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Julie Craves explains why male birds usually outnumber females

Northern Cardinal, female, in Topsfield, Massachusetts, January 3, 2014, by Katherine Davis.
Northern Cardinal, female, in Topsfield, Massachusetts, January 3, 2014, by Katherine Davis.

In the column “Since You Asked” in every issue of BirdWatching, Contributing Editor Julie Craves answers readers’ questions about birds and bird behavior. Here is a question from our October 2014 issue:

I’ve noticed that, among cardinals, more males than females show up at my feeder. Are the females shyer, or is there another reason they avoid the feeder? — Chase Proctor, Columbus, Ohio

You may be observing the phenomenon that the adult sex ratio in many bird species skews toward males. In a large study, adult males outnumbered females in about 60 percent of songbird species. Generally, the ratio of male to female chicks in the nest is about equal; the major cause of the male bias in adults is female mortality.

Female birds tend to have higher mortality rates for several reasons: Egg production is physically demanding, and in most songbirds, the female is the incubating parent. Incubation not only puts her at a higher risk from predators but also is an energetic strain.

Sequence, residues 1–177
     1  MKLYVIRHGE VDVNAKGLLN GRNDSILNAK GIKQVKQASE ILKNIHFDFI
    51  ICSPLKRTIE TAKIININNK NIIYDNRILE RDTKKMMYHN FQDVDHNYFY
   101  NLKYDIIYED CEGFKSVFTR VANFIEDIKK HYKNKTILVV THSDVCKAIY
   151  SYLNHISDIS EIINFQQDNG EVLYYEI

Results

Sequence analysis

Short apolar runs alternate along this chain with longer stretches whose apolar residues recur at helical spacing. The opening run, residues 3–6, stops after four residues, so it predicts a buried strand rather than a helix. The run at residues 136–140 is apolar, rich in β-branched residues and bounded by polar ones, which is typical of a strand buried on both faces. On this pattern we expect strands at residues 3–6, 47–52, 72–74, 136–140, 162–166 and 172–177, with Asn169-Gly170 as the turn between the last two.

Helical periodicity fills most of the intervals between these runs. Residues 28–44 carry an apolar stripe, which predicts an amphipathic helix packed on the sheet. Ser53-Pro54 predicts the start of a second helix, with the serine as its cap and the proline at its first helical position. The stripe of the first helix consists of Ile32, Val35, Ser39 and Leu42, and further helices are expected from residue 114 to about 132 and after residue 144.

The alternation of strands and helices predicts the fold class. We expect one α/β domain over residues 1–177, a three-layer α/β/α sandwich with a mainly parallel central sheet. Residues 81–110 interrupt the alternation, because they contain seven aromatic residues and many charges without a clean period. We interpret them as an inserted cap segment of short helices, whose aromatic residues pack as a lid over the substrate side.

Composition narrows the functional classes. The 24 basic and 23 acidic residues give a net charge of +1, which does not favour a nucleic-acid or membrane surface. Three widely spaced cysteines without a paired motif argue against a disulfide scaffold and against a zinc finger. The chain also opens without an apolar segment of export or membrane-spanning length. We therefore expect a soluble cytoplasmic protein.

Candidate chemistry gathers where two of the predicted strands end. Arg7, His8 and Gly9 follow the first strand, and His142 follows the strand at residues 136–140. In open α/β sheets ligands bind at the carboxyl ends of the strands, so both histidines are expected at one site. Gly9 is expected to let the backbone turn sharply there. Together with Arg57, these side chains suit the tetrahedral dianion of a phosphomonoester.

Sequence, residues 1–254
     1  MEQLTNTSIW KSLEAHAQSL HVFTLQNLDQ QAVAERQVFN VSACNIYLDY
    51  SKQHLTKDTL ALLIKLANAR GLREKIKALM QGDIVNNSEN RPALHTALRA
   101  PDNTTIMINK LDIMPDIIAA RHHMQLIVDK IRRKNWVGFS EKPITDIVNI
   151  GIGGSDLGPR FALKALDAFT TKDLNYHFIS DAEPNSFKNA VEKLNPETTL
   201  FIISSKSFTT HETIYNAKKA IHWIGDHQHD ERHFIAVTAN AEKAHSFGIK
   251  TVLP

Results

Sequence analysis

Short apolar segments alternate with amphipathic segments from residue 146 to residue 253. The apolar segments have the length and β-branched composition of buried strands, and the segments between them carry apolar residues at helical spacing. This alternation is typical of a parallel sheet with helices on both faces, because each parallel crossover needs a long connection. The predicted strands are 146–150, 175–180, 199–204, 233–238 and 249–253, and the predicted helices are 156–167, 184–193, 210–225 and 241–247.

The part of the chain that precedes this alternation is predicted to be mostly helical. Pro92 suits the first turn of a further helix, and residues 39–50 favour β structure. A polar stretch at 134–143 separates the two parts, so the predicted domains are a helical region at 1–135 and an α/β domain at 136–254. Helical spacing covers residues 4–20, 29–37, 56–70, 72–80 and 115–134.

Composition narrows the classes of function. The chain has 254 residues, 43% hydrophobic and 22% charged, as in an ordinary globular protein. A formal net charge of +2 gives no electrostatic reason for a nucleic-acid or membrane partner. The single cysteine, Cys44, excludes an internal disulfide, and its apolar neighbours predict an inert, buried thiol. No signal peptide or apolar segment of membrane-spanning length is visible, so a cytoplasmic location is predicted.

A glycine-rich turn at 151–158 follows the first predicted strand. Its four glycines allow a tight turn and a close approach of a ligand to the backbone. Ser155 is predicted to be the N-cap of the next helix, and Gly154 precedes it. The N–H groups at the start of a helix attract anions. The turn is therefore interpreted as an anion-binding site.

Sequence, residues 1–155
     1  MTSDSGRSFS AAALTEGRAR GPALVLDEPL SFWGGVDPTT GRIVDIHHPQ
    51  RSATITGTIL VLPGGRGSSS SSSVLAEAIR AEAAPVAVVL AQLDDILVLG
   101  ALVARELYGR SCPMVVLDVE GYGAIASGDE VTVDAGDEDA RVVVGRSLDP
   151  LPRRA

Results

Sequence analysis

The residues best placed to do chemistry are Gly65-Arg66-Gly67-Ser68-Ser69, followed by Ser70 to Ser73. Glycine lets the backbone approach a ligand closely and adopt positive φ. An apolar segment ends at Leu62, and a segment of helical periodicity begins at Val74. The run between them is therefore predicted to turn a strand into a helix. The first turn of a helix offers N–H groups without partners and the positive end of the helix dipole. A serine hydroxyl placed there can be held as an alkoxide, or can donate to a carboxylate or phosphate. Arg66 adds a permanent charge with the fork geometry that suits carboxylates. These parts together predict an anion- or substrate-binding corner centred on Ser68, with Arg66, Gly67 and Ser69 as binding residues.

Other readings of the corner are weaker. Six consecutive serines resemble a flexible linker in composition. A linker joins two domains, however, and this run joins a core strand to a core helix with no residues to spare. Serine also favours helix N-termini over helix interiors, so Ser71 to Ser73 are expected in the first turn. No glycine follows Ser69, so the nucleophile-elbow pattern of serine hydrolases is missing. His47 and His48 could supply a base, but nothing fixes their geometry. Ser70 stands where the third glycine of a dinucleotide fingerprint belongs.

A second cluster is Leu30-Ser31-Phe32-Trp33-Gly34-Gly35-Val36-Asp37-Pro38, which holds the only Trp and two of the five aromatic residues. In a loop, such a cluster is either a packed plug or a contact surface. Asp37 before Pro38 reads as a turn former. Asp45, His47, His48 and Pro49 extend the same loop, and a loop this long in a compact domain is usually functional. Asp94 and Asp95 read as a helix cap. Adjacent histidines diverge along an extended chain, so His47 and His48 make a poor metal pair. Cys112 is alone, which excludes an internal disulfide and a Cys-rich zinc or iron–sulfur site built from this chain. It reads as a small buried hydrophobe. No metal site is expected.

Migration is always perilous, and in migratory species, the smaller sex tends to fly farther; in many species, this is the female. Differences in where and how each sex forages can also make females of some species more vulnerable to predation. — Julie Craves

About Julie Craves

Julie-Craves-120Julie is supervisor of avian research at the Rouge River Bird Observatory at the University of Michigan Dearborn and a research associate at the university’s Environmental Interpretive Center. She writes about her research on the blog Net Results, and she maintains the website Coffee & Conservation, a thorough resource on where coffee comes from and its impact on wild birds.

Read other questions that Julie has answered in “Since You Asked.”

If you have a question about birds for Julie, send it to [email protected] or visit our Contact pageA version of this article was published in the October 2014 issue of BirdWatching. 

 

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